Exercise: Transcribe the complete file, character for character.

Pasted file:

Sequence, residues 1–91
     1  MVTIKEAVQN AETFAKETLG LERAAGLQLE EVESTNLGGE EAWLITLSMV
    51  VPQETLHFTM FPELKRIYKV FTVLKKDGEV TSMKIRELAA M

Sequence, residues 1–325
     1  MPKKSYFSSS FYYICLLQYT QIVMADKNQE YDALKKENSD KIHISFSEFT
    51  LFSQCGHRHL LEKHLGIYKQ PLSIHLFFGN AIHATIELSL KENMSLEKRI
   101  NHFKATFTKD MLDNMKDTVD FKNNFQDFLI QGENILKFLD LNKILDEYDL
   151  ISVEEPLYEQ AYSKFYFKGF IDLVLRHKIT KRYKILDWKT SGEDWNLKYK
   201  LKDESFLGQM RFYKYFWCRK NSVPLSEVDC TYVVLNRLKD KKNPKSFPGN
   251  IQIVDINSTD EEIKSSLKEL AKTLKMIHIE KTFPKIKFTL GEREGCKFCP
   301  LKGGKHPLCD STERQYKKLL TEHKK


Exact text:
Sequence, residues 1–91
     1  MVTIKEAVQN AETFAKETLG LERAAGLQLE EVESTNLGGE EAWLITLSMV
    51  VPQETLHFTM FPELKRIYKV FTVLKKDGEV TSMKIRELAA M

Sequence, residues 1–325
     1  MPKKSYFSSS FYYICLLQYT QIVMADKNQE YDALKKENSD KIHISFSEFT
    51  LFSQCGHRHL LEKHLGIYKQ PLSIHLFFGN AIHATIELSL KENMSLEKRI
   101  NHFKATFTKD MLDNMKDTVD FKNNFQDFLI QGENILKFLD LNKILDEYDL
   151  ISVEEPLYEQ AYSKFYFKGF IDLVLRHKIT KRYKILDWKT SGEDWNLKYK
   201  LKDESFLGQM RFYKYFWCRK NSVPLSEVDC TYVVLNRLKD KKNPKSFPGN
   251  IQIVDINSTD EEIKSSLKEL AKTLKMIHIE KTFPKIKFTL GEREGCKFCP
   301  LKGGKHPLCD STERQYKKLL TEHKK